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the advanced guard quitted his men and took a short cut across the common under Mustapha, and the men carried their muskets in any way that most suited their ideas of comfort. On arriving at the Jardin d'Essai, a halt for a quarter of an hour took place, and the officer again quitted his men to have a chat and a cup of coffee in the café opposite. I availed myself of the opportunity to feel the weight of one of the knapsacks; but the owner informed me, with a smile, that on actual service it would weigh twice as much, for that on these occasions they made it as light as possible. The ammunition boxes on the mules were, if I might judge from the sound as they shook, similarly emptied. This regiment might, possibly, have recently arrived from France, and be an exception to the ordinary rule; but it certainly made an indifferent figure. The road was excessively muddy, and the men expressed their annoyance very generally, although in a good-humoured way. Probably a good deal of tact is required in bringing new arrivals up to the proper standard of efficiency.

Military punishments are extremely common. Scarcely a week takes place without something of the kind. One day I was a spectator of the expulsion of a soldier from the army. He was placed in the centre of the Place Royale, around which several companies were drawn up. The commanding officer read aloud a paper containing his sentence and the



grounds of it. A musket was then put into his hands, and he went through the manual exercise backwards, after which the piece was lowered from his shoulders to the ground, and he was compelled to step over it. The military buttons were then cut from his dress, and, no longer a soldier, he was made over to the civil power for the further punishment of seven years' hard labour. This man's offence had been disorderly conduct in one of the natives' houses, and resistance to the authorities who were called in to put a stop to it; in the course of which he struck his commanding officer. He had been in a military prison for two years before, and was just discharged when he committed the offence which led to his further punish



The following considerations induce me to believe that the language now spoken by the Kabyles is substantially the same as that which prevailed in the north of Africa more than two thousand years ago; a language bearing, probably, about the same relation to that of an educated Carthaginian, as the spoken dialect of the Saxon boors in the reign of Edward III. might to the written language of Wiclif:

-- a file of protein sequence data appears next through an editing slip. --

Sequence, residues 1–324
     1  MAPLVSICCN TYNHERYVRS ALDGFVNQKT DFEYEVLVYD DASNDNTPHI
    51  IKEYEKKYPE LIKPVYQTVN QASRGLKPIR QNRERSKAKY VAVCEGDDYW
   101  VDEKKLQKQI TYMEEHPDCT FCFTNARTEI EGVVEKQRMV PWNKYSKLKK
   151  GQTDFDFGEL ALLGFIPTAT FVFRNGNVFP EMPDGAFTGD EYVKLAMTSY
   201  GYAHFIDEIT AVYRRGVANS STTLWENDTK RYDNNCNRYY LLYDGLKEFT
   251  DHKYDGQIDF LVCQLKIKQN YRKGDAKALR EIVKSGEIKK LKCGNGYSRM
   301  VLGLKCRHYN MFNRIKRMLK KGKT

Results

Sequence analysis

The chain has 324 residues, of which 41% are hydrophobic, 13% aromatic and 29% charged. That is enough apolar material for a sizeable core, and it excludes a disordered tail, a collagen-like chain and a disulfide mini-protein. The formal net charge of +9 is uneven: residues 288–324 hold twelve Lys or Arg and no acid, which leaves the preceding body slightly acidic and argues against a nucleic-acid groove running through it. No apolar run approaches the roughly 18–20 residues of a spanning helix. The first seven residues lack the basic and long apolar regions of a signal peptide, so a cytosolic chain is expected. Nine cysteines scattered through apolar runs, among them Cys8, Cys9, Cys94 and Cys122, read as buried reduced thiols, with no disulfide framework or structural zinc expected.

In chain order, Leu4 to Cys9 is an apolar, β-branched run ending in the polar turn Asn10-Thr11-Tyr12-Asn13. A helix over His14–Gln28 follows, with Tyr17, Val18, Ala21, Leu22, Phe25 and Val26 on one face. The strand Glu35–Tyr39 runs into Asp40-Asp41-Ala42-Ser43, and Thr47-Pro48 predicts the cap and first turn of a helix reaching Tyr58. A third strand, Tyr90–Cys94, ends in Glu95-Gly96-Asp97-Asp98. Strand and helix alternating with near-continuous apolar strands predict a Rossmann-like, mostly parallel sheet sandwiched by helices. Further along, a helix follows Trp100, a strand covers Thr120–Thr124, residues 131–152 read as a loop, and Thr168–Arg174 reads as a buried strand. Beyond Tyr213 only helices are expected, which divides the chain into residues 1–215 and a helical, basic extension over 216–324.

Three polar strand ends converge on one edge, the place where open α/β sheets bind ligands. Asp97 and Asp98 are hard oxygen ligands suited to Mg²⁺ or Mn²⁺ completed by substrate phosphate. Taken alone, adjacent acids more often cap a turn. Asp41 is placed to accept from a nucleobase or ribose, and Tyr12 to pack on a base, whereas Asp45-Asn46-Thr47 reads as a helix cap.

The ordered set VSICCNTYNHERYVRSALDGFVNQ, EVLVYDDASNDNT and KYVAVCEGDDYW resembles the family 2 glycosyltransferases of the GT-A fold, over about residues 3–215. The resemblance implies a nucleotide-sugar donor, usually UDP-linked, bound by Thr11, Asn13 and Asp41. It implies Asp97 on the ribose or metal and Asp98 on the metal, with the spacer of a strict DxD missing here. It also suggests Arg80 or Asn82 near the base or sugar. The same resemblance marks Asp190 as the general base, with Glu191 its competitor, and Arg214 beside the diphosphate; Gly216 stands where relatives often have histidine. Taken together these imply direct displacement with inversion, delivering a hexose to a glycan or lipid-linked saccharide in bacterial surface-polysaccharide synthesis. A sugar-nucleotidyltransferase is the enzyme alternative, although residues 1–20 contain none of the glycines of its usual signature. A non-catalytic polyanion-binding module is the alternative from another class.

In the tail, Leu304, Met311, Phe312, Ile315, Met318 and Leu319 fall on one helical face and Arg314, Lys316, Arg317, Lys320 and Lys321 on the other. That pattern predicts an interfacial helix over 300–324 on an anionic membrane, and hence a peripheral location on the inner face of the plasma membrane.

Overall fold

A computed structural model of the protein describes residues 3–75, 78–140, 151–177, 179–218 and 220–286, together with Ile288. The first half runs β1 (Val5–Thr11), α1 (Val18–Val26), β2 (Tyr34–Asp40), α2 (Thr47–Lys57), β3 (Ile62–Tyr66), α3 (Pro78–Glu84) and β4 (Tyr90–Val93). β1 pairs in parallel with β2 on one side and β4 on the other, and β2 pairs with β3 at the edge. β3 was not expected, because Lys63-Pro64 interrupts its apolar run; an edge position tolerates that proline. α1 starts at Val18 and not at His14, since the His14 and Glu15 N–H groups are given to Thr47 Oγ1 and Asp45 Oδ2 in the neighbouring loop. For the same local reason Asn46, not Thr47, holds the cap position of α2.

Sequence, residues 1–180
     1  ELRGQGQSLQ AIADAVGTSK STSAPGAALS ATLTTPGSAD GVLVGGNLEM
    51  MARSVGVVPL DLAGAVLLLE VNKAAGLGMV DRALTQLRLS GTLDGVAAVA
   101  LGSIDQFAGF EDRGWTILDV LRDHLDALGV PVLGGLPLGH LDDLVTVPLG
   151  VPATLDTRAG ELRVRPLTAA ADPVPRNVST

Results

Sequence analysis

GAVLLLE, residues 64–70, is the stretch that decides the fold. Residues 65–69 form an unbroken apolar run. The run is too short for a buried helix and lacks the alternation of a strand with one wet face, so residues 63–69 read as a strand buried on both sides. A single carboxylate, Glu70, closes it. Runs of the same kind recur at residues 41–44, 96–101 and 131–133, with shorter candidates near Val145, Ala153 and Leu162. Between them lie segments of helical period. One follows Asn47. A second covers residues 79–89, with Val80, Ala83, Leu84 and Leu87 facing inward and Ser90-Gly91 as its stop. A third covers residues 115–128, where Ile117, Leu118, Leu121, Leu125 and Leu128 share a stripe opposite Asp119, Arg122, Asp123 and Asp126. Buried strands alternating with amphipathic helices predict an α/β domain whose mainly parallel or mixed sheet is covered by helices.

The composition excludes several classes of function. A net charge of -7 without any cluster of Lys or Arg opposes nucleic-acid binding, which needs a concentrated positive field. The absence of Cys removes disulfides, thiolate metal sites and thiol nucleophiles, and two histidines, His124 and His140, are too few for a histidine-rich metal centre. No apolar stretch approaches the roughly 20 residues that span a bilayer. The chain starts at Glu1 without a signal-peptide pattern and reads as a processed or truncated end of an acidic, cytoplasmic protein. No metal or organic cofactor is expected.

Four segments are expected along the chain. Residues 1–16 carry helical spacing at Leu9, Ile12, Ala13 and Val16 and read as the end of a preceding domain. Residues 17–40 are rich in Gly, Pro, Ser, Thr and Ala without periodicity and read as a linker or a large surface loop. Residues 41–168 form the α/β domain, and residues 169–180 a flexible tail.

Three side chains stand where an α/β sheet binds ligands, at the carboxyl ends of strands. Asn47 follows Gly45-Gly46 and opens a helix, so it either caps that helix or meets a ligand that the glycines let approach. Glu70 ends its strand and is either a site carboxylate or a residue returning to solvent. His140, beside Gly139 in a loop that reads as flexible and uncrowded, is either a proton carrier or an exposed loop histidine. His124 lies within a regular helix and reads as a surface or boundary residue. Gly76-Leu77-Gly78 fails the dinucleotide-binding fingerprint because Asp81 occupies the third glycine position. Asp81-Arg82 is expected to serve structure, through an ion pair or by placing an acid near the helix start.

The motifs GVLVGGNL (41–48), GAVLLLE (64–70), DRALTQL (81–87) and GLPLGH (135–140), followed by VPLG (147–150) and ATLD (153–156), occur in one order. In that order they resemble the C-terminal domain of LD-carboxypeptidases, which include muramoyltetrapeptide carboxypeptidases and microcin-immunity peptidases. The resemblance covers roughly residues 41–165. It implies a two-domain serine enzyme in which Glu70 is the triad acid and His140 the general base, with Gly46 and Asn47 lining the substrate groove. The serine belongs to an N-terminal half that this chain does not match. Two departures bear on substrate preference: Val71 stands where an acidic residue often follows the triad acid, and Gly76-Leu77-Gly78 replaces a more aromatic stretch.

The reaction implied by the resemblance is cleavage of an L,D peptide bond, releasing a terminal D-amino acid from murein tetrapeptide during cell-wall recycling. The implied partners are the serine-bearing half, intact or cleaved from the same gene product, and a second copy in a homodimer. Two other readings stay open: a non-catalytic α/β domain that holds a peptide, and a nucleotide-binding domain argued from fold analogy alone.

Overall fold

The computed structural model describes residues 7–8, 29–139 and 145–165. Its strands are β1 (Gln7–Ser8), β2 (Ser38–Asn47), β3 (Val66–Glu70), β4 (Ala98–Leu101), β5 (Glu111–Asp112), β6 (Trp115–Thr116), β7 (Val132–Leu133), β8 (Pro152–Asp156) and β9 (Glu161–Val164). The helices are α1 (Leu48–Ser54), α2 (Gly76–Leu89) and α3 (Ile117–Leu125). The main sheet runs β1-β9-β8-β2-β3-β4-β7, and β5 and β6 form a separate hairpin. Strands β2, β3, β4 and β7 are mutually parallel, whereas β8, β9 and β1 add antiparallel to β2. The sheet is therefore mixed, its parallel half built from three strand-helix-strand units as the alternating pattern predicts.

1. St. Augustine, on an occasion of explaining the word "Messias," remarks that the Punic word "Messe" is equivalent to the Latin "ungue." (Tract. 15, in Johan. Evang. c. iv. § 27.) The student is naturally surprised that, in employing such an illustration, Augustine should have selected an imperative mood. But, in fact, the imperative mood is in the Kabyle language the root of the verb, all other forms of which are moulded upon this one. It seems an obvious inference that the same remarkable peculiarity existed in the language that Augustine calls "Punic."

2. But the "Punic" of Augustine is "the only language besides



Latin in use in the parts where the Donatist tenets found support." (Tract. 2, in Ep. Johan. § 3.) It must, therefore, be the common African, the popular language of his time, not any dialect which may be supposed to have been employed by literary Carthaginians and to have become obsolete upon the destruction of the Carthaginian State. And it was the language of the country, not of the townspeople; for, if spoken in the towns, Augustine's congregation would not have been so entirely ignorant of it as he assumes them to be. (See Opp. vol. iv. p. 1234, ed. Ven.) It is, therefore, the language of the hillsmen, of the inhabitants of those chains of mountains which run along the coast westward from Hippo (Bona) to the neighbourhood of Cape Matifou,-a region which at this day is occupied exclusively by Kabyles.

3. In the extent of coast just mentioned, the Antonine Itinerary and Ptolemy give the following towns,-Rusicada (on the site of Philippeville), whose name still may be traced in the modern Skikda, Rusazus, Rusubeser, Rusuccurus or Rusicurium, Rusicibar or Rusubbicari, and Rusgunium. In all these manifestly native names the first syllable is a Kabyle word, which in its various forms of Rus, Ras, Ros, or Ris, signifies "head" or "cape."